Just recently the UN announced that they would be investigating the US Drone program, as potentially a war crime. Now before you get up in arms either agreeing or disagreeing with this this IS the same body that keeps putting places like Syria and North Korea on “human rights” commissions. Also you have to keep in mind that even if the UN DOES find that it’s a war crime, and even if they DO send it to the International Criminal Court in the Hague, we are not bound to that court by treaty or any other obligation in any legal sense, and even if all of Europe and the rest of the people that have a mild distaste for America were to try to actually prosecute any American for war crimes. . . well they’d have to get through the United States Military first.
Sadly though, it has taken the bloated, stinking carcass that is the UN to raise this question; is our Drone program going too far? Remember that when President Bush started putting Hellfire missiles on the Predator drones, it was seen as a logical step, and at the time was used for purely tactical missions. We’re watching Route X-ray to see if anyone emplaces IEDs, hey, there’s some guys putting some in now. . . gee wouldn’t it be nice if we could do something about that. From there, there were drone strikes against high valued targets, but usually with over watch. Remember when we bagged Abu Musab al Zarqawi? He was a legitimate target at the time, and pretty much everyone that was in Iraq at the time would agree he was a very bad boy. It’s actually hard to argue a rationale for NOT killing him. But the problem is in killing him; we also killed his wife and a few kids. How do you balance that? Well the guy WAS running around sending car bombs (and pretty big ones) into Shi’a holy sites causing the Shi’a to predictably try to slaughter all Sunni.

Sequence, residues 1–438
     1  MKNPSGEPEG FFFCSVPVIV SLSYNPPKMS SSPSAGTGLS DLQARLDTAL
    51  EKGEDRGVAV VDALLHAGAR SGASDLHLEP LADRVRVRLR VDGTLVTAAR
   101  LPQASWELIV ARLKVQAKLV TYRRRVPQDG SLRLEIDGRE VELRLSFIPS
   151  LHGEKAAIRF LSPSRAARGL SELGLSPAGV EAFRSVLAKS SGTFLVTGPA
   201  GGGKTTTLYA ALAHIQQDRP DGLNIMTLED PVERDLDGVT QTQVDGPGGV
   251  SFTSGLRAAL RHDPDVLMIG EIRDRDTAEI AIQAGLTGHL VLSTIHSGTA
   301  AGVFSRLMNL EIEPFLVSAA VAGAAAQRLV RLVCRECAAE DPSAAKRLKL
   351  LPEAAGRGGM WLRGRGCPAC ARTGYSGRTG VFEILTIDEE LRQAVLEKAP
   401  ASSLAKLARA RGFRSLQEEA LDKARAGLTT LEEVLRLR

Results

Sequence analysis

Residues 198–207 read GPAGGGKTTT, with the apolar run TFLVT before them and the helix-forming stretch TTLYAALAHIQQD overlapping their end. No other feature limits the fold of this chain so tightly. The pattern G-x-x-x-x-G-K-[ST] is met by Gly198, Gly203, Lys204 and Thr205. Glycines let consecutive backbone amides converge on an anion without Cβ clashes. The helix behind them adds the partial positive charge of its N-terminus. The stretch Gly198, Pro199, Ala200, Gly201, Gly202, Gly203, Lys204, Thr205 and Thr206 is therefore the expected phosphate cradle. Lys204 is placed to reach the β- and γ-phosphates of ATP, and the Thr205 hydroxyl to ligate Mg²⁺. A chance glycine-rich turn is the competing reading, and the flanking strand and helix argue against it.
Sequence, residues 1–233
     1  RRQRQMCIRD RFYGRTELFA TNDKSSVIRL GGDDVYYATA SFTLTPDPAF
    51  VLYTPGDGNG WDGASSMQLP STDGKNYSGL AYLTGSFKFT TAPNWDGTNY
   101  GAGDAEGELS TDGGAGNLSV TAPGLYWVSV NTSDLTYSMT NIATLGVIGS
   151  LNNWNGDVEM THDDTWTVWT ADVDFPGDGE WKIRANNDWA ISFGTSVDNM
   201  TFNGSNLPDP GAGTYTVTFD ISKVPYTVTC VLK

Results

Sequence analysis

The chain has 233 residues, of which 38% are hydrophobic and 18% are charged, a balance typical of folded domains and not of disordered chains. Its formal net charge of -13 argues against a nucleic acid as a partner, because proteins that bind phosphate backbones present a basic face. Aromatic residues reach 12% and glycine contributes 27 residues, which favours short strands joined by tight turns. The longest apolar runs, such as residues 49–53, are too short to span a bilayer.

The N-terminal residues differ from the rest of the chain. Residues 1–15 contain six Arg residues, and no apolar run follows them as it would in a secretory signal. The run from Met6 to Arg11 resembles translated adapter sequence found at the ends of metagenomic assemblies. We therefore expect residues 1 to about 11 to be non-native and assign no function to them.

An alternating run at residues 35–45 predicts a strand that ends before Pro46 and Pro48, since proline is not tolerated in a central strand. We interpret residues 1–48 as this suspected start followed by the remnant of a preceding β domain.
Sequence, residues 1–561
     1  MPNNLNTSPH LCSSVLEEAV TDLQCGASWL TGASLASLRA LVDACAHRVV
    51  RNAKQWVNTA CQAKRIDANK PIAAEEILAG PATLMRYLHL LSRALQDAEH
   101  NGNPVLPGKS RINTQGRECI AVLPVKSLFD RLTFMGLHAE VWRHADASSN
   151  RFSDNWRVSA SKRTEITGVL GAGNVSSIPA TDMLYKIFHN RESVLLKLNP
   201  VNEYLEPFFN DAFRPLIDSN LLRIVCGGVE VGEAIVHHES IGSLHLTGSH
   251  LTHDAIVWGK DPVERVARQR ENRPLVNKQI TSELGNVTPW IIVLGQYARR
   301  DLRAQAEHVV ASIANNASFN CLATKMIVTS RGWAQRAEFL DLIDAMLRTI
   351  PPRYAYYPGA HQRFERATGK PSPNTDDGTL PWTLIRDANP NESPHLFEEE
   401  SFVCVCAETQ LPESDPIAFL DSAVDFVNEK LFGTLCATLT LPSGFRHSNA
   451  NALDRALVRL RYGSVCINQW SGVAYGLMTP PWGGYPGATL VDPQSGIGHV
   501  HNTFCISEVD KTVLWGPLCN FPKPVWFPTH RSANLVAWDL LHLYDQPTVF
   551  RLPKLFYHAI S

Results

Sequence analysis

The Drone program and air power in general always has that tricky little problem. Yes we can use it to kill people we can’t get any ground pounders to in a timely manner, but regardless of how “surgical” we are the fact remains 500 pounds of explosives, will kill anyone in the vicinity regardless of if they’re good bad or ugly. What the program has become though has been much more strategic. We’re not just aiming for people in our battle space, we’re hitting people all over the world. It’s not just observing the bad boys and waiting for them to do bad things, its hitting them where they live, white literally. In the process we’re also killing everyone they happen to be with. Doesn’t matter if it’s a goat farmer and his family that are being forced at gun point to provide sanctuary, they’re getting killed right along with the bad guys we meant to kill.
There’s also another problem with this program. The “kill list”. Put simply there is a list of people that are- no questions asked- GOING to be killed if we ever find them. That’s not unusual in a lot of ways. We all remember the “deck of cards” that we were issued in the initial phases of Operation Iraqi Freedom. The whole idea was to eliminate the Baathist chain of command and *hopefully* eliminate organized resistance. We learned quickly that it doesn’t work quite like that in the 21st century, but the idea is sound except for one major glaring difference. We were trying to capture these guys. Even Uday and Qusay were given the opportunity to surrender before the 101st and Delta brought down the house around them.
Keep in mind that this isn’t just happening in Afghanistan. We had two drones flying over Libya when our Consulate was being attacked. We seem to be racking up quite a body count in Yemen, and we are apparently killing Al Qaeda’s #3 guy almost every other week in Pakistan. We’ve had these drones shot at or shot down in or near Iran. We’ve even seen what MIGHT be drone action in Mali. So this once tactical program has ballooned almost out of control. Right now in the United States Air Force there are more drone pilots than actual-at the stick, flying an honest to God airplane- Pilots, and no one seems to question how that happened or if this is actually a good thing.